B. Ananthanarayan, G. Lazarides and Q. Shafi, Phys. Rev. D44 (1991) 1613 and Phys. Lett. B300 (1993) 245; G. Anderson et al. Phys. Rev. D47 (1993) 3702 and Phys. Rev. D49 (1994) 3660; V. Barger, M. Berger and P. Ohmann, Phys. Rev. D49 (1994) 4908; M. Carena, M. Olechowski, S. Pokorski and C. Wagner, Nucl. Phys. B 426 (1994) 269; B. Ananthanarayan, Q. Shafi and X. Wang, Phys. Rev. D50 (1994) 5980; R. Rattazzi and U. Sarid, Phys. Rev. D53 (1996) 1553; T. Blazek, M. Carena, S. Raby and C. Wagner, Phys. Rev. D56 (1997) 6919; T. Blazek and S. Raby, Phys. Lett. B392 (1997) 371; T. Blazek and S. Raby, Phys. Rev. D59 (1999) 095002; T. Blazek, S. Raby and K. Tobe, Phys. Rev. D60 (1999) 113001 and Phys. Rev. D62 (2000) 055001; S. Profumo, Phys. Rev. D68 (2003) 015006; C. Pallis, Nucl. Phys. B678 (2004) 398; M. Gomez, G. Lazarides and C. Pallis, Phys. Rev. D61 (2000) 123512, Nucl. Phys. B638 (2002) 165 and Phys. Rev. D67 (2003) 097701; U. Chattopadhyay, A. Corsetti and P. Nath, Phys. Rev. D66 (2002) 035003; M. Gomez, T. Ibrahim, P. Nath and S. Skadhauge, Phys. Rev. D72 (2005) 095008.
 Some recent work includes: M. Badziak and K. Sakurai, JHEP1202 (2012) 125; M. Badziak, Mod. Phys. Lett. A 27 (2012) 1230020; A. S. Joshipura and K. M. Patel, arXiv:1206.3910; I. Gogoladze, Q. Shafi and C. S. Un, JHEP1207 (2012) 055
 H. Baer, M. Diaz, J. Ferrandis and X. Tata, Phys. Rev. D61 (2000) 111701; H. Baer, M. Brhlik, M. Diaz, J. Ferrandis, P. Mercadante, P. Quintana and X. Tata, Phys. Rev. D63 (2001) 015007.
 H. Baer and J. Ferrandis, Phys. Rev. Lett. 87 (2001) 211803.
 D. Auto, H. Baer, C. Balazs, A. Belyaev, J. Ferrandis and X. Tata, JHEP0306 (2003) 023.
 T. Blazek, R. Dermisek and S. Raby, Phys. Rev. Lett. 88 (2002) 111804; T. Blazek, R. Dermisek and S. Raby, Phys. Rev. D65 (2002) 115004; R. Dermisek, S. Raby, L. Roszkowski and R. Ruiz de Austri, JHEP0304 (2003) 037; R. Dermisek, S. Raby, L. Roszkowski and R. Ruiz de Austri, JHEP0509 (2005) 029.
 H. Baer, S. Kraml, S. Sekmen and H. Summy, JHEP0810 (2008) 079.
 W. Altmannshofer, D. Guadagnoli, S. Raby and D. Straub, Phys. Lett. B668 (2008) 385.
 I. Gogoladze, R. Khalid, S. Raza and Q. Shafi, JHEP1012 (2010) 055 and JHEP1106 (2011) 117.
 G. Elor, L. J. Hall, D. Pinner and J. T. Ruderman, arXiv:1206.5301.
 H. Baer, V. Barger and A. Mustafayev, arXiv:1112.3017.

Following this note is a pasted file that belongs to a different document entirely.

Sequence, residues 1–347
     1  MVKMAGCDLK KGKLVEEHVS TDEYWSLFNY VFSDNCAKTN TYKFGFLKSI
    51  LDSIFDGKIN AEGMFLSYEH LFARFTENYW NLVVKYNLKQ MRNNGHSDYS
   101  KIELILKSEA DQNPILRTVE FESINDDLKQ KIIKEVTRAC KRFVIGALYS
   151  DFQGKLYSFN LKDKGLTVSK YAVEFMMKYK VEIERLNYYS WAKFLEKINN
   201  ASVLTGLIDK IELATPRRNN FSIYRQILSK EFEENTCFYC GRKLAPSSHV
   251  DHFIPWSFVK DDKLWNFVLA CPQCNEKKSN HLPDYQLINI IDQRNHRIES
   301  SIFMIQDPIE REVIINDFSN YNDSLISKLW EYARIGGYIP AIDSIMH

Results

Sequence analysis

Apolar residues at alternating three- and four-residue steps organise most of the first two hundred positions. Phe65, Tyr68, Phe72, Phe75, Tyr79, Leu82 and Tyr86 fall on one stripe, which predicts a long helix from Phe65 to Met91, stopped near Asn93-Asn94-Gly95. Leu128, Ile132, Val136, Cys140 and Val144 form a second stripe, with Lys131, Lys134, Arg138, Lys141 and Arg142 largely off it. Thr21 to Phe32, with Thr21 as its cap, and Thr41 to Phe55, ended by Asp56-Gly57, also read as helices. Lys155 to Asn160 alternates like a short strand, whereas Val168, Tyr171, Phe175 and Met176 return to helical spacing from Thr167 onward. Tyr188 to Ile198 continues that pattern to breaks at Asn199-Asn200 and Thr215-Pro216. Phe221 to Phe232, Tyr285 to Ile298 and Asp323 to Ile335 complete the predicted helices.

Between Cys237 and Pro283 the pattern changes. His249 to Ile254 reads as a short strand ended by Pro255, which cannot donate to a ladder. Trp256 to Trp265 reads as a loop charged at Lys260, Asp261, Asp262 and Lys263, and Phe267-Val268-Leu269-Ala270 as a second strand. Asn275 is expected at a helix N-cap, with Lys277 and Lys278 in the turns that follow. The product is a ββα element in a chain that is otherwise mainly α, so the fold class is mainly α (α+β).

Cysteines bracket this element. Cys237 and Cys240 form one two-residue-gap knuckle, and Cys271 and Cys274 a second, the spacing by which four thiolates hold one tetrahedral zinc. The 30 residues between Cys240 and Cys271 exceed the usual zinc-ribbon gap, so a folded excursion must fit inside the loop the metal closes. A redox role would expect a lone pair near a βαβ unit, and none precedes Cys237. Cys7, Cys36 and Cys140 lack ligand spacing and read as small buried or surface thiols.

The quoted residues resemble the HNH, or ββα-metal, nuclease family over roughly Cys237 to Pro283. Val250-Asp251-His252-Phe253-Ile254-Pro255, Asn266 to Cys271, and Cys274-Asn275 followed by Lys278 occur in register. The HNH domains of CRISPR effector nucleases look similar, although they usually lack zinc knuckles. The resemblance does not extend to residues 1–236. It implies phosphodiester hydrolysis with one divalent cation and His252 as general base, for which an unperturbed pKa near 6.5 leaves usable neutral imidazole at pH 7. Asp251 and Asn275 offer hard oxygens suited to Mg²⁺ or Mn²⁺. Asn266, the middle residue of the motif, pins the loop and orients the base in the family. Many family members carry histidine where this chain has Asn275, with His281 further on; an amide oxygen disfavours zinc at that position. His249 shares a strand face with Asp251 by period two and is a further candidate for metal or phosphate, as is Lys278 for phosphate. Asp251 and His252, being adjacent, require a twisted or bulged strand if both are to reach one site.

F. Brummer, S. Kraml and S. Kulkarni, arXiv:1204.5977.
 G. Aad et al. [ATLAS Collaboration], arXiv:1207.7214.
 S. Chatrchyan et al. [CMS Collaboration], arXiv:1207.7235.
 G. Aad et al. [ATLAS Collaboration], Phys. Rev. D 85 (2012) 112006.
 H. Baer, S. Raza and Q. Shafi, Phys. Lett. B712 (2012) 250.
 H. Baer, V. Barger, P. Huang, A. Mustafayev and X. Tata, arXiv:1207.3343.
 R. Kitano and Y. Nomura, Phys. Lett. B631 (2005) 58 and Phys. Rev. D73 (2006) 095004.
 R. Barbieri and G. F. Giudice, Nucl. Phys. B306 (1988) 63.
 D. M. Ghilencea, H. M. Lee and M. Park, JHEP1207 (2012) 046.
 C. Wymant, arXiv:1208.1737.
 S. Antusch, L. Calibbi, V. Maurer, M. Monaco and M. Spinrath, Phys. Rev. D85 (2012) 035025 and arXiv:1207.7236.
 G. F. Giudice and A. Masiero, Phys. Lett. B206 (1988) 480.
 ISAJET, by H. Baer, F. Paige, S. Protopopescu and X. Tata, hepph/0312045.
 H. Baer, C. H. Chen, R. Munroe, F. Paige and X. Tata, Phys. Rev. D51 (1995) 1046; H. Baer, J. Ferrandis, S. Kraml and W. Porod, Phys. Rev. D73 (2006) 015010.
 S. Martin and M. Vaughn, Phys. Rev. D50 (1994) 2282.
 H. Haber and R. Hempfling, Phys. Rev. D48 (1993) 4280.
 R. Hempfling, Phys. Rev. D49 (1994) 6168; L. J. Hall, R. Rattazzi and U. Sarid, Phys. Rev. D50 (1994) 7048; M. Carena et al., Nucl. Phys. B426 (1994) 269; D. Pierce, J. Bagger, K. Matchev and R. Zhang, Nucl. Phys. B491 (1997) 3.
 K. L. Chan, U. Chattopadhyay and P. Nath, Phys. Rev. D58 (1998) 096004.
 H. Baer, S. Kraml, A. Lessa, S. Sekmen and X. Tata, JHEP1010 (2010) 018.
 M. Asano, H. D. Kim, R. Kitano and Y. Shimizu, JHEP1012 (2010) 019.
 H. Baer, V. Barger and P. Huang, JHEP1111 (2011) 031.
 M. Papucci, J. T. Ruderman and A. Weiler, arXiv:1110.6926; C. Brust, A. Katz, S. Lawrence and R. Sundrum, JHEP1203 (2012) 103.
 H. Baer, V. Barger, P. Huang and X. Tata, JHEP1205 (2012) 109.
 G. Aad et al. [ATLAS Collaboration], arXiv:1208.0949; S. Chatrchyan et al. [CMS Collaboration], arXiv:1207.1798;
 S. Chatrchyan et al. [CMS Collaboration], Phys. Lett. B713 (2012) 68.

Joint LEP 2 Supersymmetry Working Group,
Combined LEP Chargino Results up to 208 GeV,
http://lepsusy.web.cern.ch/lepsusy/www/inos_moriond01/charginos_pub.html.  H. Baer, A. Lessa and W. Sreethawong, JCAP 1201, 036 (2012).
 M. Albrecht, W. Altmannshofer, A. J. Buras, D. Guadagnoli and D. M. Straub, JHEP0710 (2007) 055.
 H. Baer, M. Haider, S. Kraml, S. Sekmen and H. Summy, JCAP 0902 (2009) 002.
 H. Baer, S. Kraml and S. Sekmen, JHEP0909 (2009) 005.
 H. Baer, X. Tata and J. Woodside, Phys. Rev. D45 (1992) 142; H. Baer, C. H. Chen, F. Paige and X. Tata, Phys. Rev. D52 (1995) 2746 and Phys. Rev. D53 (1996) 6241; H. Baer, C. H. Chen, M. Drees, F. Paige and X. Tata, Phys. Rev. D59 (1999) 055014, H. Baer, C. Balázs, A. Belyaev, T. Krupovnickas and X. Tata, JHEP0306 (2003) 054; see also, S. Abdullin and F. Charles, Nucl. Phys. B547 (1999) 60; S. Abdullin et al. (CMS Collaboration), J. Phys. G28 (2002) 469 [hepph/9806366]; B. Allanach, J. Hetherington, A. Parker and B. Webber, JHEP08 (2000) 017.
 H. Baer, X. Tata and J. Woodside, Phys. Rev. D42 (1990) 1568.
 F. Gabbiani, E. Gabrielli, A. Masiero and L. Silvestrini, Nucl. Phys. B477 (1996) 321.
 H. Baer, A. Belyaev, C. Kao and P. Svantesson, Phys. Rev. D84 (2011) 095029.
 XENON100 Collaboration, arXiv:1207.5988.